In some embodiments, an initial stage includes transferring seeds from an aspirator and/or from another delivery and/or conveyance system to a holding bin. This transfer can be done in some embodiments, e.g., by energizing a solenoid that controls the application of pneumatic power to a venturi valve at the same time activates a cylinder to open a ball valve that allows seed flow. Preferably, when a seed level is adequate, a detector (e.g., photo-eye) inside the holding bin will cause seed flow to be de-activated. Simultaneously, vibrators can be activated that cause seed to travel along a vibrated platform or panel. The seeds are preferably conveyed, e.g., using the vibrated platform. However, in other embodiments, other forms of conveyance can be used (such as, e.g., inclined plates, conveyor belts, pneumatic blowers and/or other conveyance means). Preferably, detectors, such as, e.g., photo-detectors (e.g., photo-eyes) and/or the like, are situated in a linear array over channels through which the seeds are vibrationally conveyed. Preferably, seeds are spread out on the conveying surface (e.g., within the channels) and conveyed past the detectors. With the vibrators and detectors initiated, counters (using, e.g., a controller such as, e.g., a PLC) preferably keep track of each individual seed count per channel. Preferably, the sequence is stopped, however, by a weight amount determined (e.g., via a load cell). Preferably, a proper weight amount is determined by a user input from a user workstation. In preferred embodiments, once a weight amount is achieved, the vibrators are de-activated along with the detectors. The seeds conveyed past the detectors are preferably delivered into a collection bin (preferably, a weight determination is conducted based upon seeds in the collection bin—such as, e.g., having a load cell connected to the collection bin for weight determination). Preferably, upon a correct weight amount being present within the collection bin, the PLC will calculate the seed per pound and/or the total seed count (preferably both). Preferably, upon obtaining a correct weight, the collection bin will be activated so as to discharge the weighed contents. For example, a collection bin solenoid can be activated in some embodiments to activate a dump cylinder that opens the collection bin so as to dump or place the seed into a lower bin. This sequence can then be repeated.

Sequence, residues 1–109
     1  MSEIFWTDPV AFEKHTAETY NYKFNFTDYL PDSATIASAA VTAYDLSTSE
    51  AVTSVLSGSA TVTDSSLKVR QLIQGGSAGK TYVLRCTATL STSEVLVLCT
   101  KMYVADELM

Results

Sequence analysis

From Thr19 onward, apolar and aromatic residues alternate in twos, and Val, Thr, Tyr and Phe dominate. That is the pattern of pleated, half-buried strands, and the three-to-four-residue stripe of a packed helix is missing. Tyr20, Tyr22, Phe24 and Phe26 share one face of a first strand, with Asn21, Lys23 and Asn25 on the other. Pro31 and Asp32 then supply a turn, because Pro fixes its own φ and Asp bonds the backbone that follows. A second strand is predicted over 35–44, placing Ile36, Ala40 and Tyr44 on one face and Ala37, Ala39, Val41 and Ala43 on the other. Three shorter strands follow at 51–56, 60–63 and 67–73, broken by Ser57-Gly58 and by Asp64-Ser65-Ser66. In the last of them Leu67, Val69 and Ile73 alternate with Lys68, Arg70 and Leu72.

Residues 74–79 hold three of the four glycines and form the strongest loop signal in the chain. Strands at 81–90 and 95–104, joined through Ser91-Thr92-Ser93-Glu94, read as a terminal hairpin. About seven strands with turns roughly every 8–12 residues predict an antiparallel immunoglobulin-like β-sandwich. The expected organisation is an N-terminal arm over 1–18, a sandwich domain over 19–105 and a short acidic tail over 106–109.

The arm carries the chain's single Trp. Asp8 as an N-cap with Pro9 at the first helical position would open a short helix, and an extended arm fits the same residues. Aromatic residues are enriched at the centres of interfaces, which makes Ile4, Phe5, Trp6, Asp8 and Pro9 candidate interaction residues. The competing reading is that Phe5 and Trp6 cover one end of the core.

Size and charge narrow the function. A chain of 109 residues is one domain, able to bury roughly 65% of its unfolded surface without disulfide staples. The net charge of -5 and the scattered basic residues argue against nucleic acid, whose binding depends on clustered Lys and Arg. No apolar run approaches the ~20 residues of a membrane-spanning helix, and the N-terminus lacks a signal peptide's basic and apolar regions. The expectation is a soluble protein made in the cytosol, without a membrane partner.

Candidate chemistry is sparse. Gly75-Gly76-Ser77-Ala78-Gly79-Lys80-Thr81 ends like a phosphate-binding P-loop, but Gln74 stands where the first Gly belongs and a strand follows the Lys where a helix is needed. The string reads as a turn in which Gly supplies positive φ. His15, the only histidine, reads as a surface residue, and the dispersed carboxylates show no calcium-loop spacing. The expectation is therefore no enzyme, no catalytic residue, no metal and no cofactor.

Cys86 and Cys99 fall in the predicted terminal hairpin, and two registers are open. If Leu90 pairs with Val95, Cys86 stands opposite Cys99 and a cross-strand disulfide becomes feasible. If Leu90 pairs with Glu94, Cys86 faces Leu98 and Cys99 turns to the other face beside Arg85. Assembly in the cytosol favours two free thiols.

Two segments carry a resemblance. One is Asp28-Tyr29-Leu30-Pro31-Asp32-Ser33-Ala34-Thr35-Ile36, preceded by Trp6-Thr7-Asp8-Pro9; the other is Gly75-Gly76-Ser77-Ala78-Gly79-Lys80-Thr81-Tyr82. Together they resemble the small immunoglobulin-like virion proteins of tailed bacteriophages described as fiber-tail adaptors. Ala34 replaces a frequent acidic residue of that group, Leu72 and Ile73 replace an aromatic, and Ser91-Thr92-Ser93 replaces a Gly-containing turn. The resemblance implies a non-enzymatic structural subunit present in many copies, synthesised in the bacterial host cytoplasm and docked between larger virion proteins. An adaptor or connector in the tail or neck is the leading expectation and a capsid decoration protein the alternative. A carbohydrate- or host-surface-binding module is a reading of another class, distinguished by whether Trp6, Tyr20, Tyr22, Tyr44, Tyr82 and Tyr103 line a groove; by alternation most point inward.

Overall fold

Preferably, the lower bin returns the seed to an elevator and/or to another delivery and/or conveyance system (such as, e.g., by energizing a solenoid that initiates the application of pneumatic power to a venturi valve that generates seed flow).
FIGS. 1 to 5(Q) show exemplary components and features that can be used in some embodiments to carry out various aspects and methods of the preferred embodiments, such as, e.g., various aspects and methods as described above. In the figures, illustrative component sizes are numerically labeled (with such sizes being in designated as shown in inches ″). While the various embodiments are not limited to any sizes and/or proportions as shown, the figures show some general sizes and proportions of components according to some illustrative and non-limiting embodiments of the invention.
In this regard,
With reference to the illustrative system shown in
FIGS. 3(A), 3(B), 3(C) and 4 show some illustrative system layouts and/or system components that can be employed in some illustrative embodiments of the invention. For example,
As shown in
Broad Scope of the Invention:
While illustrative embodiments of the invention have been described herein, the present invention is not limited to the various preferred embodiments described herein, but includes any and all embodiments having equivalent elements, modifications, omissions, combinations (e.g., of aspects across various embodiments), adaptations and/or alterations as would be appreciated by those in the art based on the present disclosure. The limitations in the claims are to be interpreted broadly based on the language employed in the claims and not limited to examples described in the present specification or during the prosecution of the application, which examples are to be construed as non-exclusive. For example, in the present disclosure, the term “preferably” is non-exclusive and means “preferably, but not limited to.” Means-plus-function or step-plus-function limitations will only be employed where for a specific claim limitation all of the following conditions are present in that limitation: a) “means for” or “step for” is expressly recited; b) a corresponding function is expressly recited; and c) structure, material or acts that support that structure are not recited.